NWC says energy savings passed on to water customers
The state-owned National Water Commission (NWC), Jamaica's largest consumer of electricity, said that savings from its energy bill are being passed on to consumers.
Lower oil prices has resulted in cheaper electricity bills from Jamaica Public Service Company. NWC's monthly bill has fallen to about $400 million at present.
"Yes, the NWC has been positively impacted by the reduction in oil prices. Our bills from JPS have gone down to just over $400 million per month, whereas before it was hovering above $500 million per month and in some instances it had exceeded $600 million," Charles Buchanan, public relations manager at the NWC told Sunday Business.
Buchanan said that for most of calendar year 2014 the NWC, and by extension its customers, would not have benefited from the reduction in energy prices because for most of that time electricity rates were still very high. However, both the company and consumers started seeing the benefits since November 2014.
Buchanan explained that there is a mechanism built into the NWC's tariff which is adjusted based on changes in the company's three most significant costs: the cost of energy based on the electricity bills, the foreign exchange rate given that about 70 per cent of its operations involves purchases of items such as chlorine, fittings and meters; and the Consumer Price Index, which relates to other inputs.
"Those three things together are considered under the Price Adjustment Mechanism which customers see on their bills as PAM," he said.
"Let's assume that they are all going in the same direction, whenever they change it will cause customers' bills to change in that same direction."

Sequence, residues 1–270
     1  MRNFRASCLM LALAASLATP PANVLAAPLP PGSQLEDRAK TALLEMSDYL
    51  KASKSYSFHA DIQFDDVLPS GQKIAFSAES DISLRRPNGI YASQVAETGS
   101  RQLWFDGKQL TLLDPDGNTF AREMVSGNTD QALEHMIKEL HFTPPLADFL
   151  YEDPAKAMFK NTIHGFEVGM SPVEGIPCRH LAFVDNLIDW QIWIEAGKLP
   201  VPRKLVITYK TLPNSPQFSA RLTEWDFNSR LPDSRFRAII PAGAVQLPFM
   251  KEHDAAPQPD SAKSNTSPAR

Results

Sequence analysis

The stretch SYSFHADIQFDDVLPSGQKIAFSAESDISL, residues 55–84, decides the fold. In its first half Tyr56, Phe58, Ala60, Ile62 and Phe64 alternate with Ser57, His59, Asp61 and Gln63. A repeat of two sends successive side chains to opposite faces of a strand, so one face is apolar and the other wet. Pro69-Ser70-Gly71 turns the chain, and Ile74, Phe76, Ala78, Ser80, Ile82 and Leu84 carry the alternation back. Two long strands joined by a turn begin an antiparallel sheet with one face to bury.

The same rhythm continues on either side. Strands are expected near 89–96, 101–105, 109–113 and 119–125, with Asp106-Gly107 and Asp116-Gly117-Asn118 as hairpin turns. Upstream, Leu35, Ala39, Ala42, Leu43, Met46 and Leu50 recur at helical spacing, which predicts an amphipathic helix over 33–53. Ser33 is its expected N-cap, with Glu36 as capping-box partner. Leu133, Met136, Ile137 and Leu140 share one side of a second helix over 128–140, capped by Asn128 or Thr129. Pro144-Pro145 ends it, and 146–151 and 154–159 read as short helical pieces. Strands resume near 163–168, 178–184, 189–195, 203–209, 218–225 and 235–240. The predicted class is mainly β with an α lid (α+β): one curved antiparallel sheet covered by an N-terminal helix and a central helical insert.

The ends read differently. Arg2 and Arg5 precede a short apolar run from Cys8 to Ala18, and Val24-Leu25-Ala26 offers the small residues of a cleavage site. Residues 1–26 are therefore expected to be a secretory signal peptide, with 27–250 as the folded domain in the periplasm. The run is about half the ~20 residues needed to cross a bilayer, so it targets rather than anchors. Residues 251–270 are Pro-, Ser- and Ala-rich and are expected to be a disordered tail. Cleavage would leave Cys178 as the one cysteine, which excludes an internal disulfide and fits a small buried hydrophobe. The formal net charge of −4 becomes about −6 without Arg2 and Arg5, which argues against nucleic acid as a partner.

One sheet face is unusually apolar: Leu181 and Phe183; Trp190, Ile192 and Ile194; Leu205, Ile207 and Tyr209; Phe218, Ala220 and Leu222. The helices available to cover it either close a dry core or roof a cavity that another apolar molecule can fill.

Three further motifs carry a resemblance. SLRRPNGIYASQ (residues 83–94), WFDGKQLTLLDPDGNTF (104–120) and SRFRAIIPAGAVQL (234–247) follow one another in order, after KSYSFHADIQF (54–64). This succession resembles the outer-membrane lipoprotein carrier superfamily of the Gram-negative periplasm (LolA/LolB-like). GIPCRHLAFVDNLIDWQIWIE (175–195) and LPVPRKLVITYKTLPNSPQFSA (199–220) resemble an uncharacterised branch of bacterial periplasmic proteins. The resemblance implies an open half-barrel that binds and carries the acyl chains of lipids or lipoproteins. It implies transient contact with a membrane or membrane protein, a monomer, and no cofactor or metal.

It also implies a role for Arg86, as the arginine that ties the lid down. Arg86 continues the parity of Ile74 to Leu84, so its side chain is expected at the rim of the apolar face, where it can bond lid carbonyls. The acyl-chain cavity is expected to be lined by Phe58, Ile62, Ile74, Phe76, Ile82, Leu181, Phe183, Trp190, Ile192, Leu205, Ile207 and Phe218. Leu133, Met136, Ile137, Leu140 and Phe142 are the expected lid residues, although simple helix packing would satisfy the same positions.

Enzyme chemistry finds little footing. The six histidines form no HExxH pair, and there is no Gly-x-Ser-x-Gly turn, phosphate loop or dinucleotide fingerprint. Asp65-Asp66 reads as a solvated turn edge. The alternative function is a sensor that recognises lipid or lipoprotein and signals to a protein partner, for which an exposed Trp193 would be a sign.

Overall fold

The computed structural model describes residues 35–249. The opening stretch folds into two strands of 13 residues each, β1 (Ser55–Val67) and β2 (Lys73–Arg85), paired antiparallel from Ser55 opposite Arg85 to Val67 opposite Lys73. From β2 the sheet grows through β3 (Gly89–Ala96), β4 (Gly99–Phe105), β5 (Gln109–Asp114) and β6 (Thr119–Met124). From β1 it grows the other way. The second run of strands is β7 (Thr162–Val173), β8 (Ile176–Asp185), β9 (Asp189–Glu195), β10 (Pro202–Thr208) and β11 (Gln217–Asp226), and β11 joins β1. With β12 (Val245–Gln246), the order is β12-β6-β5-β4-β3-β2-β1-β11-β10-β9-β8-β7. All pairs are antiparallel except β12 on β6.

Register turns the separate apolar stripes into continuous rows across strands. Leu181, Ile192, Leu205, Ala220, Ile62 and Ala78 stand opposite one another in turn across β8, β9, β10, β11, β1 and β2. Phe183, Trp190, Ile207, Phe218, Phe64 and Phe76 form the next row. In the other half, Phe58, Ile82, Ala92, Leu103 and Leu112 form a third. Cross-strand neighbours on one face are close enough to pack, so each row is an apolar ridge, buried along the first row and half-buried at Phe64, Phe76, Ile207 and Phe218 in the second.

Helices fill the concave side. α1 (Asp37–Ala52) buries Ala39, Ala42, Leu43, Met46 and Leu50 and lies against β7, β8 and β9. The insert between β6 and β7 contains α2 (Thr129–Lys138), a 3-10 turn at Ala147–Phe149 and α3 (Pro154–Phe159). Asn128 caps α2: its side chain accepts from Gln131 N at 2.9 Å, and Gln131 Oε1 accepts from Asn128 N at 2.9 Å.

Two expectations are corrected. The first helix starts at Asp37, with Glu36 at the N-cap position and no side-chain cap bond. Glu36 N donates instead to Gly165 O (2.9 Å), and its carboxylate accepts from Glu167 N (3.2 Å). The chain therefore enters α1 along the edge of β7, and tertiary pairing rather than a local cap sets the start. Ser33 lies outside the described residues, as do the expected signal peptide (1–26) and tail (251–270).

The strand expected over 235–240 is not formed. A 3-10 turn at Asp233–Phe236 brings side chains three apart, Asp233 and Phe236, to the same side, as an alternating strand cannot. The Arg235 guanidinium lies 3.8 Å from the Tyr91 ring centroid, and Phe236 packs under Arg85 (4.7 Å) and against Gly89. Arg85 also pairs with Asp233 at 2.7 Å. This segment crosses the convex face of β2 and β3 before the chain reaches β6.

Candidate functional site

Buchanan said each of the three elements are weighted by the Office of Utilities Regulation and that the size of their adjustments would determine the impact on PAM.
"So let's say the energy price is going down and by itself would result in a reduction in the PAM, but the CPI and the exchange rate are going in the opposite direction, depending on how significant the movements are, whether the exchange rate changes are small or great or whether the energy cost reduction is small or great, as well as the relative weighting of those components it will determine whether PAM comes out on the net as a positive or negative movement," he said.
"But I can tell you that the movement in the energy prices has been significant enough to have overcome any other contrary movement in the CPI and or foreign exchange rate over recent months. As a result, for the last few months the price adjustment mechanism for the customers has been beneficial to the customers in the sense that it is represented on their bills as a deduction from their water charges," he added.
NWC has some 1,000 locations across Jamaica that require electricity.
In 2011, its annual bill to JPS was $5.503 billion; $5.904 billion in 2012; $6.285 billion in 2013, and $6.464 billion in 2014.
"In all instances there was a continuous climb in the dollar value of the energy costs," said Buchanan.
However, the NWC has put in place energy management initiatives which resulted in its kilowatt per hour usage hovering at around the same place or slightly declining.
For example, in 2011 the NWC's kilowatt/hour usage of energy was 197.17 million, but it moved downward to 188 million in 2014. "This is despite the fact that we had put in a number of new water supply and waste water systems," the NWC spokesman said.
Buchanan adds that there was a four per cent decrease in the NWC's energy consumption in 2014 when measured against 2011. Consequently, the commission was expecting a four per cent reduction in its electricity bill, but instead there was a three per cent increase in the energy cost to the NWC over the period.
Asked about the percentage reduction to customers over the past three months, Buchanan said it was difficult to give a figure due to PAM being a combination of three elements.
"It's a little complicated to give an exact figure ... but definitely the bills have shown declines," he said.